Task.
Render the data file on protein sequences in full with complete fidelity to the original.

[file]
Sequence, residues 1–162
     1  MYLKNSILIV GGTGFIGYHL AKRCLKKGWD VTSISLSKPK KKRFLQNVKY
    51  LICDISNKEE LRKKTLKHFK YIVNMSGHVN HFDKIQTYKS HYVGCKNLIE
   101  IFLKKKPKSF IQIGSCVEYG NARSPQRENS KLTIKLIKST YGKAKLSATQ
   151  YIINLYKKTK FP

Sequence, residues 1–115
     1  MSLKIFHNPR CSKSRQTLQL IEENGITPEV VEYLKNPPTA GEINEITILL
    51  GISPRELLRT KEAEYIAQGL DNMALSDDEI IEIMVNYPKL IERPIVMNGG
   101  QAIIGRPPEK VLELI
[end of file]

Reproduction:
Sequence, residues 1–162
     1  MYLKNSILIV GGTGFIGYHL AKRCLKKGWD VTSISLSKPK KKRFLQNVKY
    51  LICDISNKEE LRKKTLKHFK YIVNMSGHVN HFDKIQTYKS HYVGCKNLIE
   101  IFLKKKPKSF IQIGSCVEYG NARSPQRENS KLTIKLIKST YGKAKLSATQ
   151  YIINLYKKTK FP

Sequence, residues 1–115
     1  MSLKIFHNPR CSKSRQTLQL IEENGITPEV VEYLKNPPTA GEINEITILL
    51  GISPRELLRT KEAEYIAQGL DNMALSDDEI IEIMVNYPKL IERPIVMNGG
   101  QAIIGRPPEK VLELI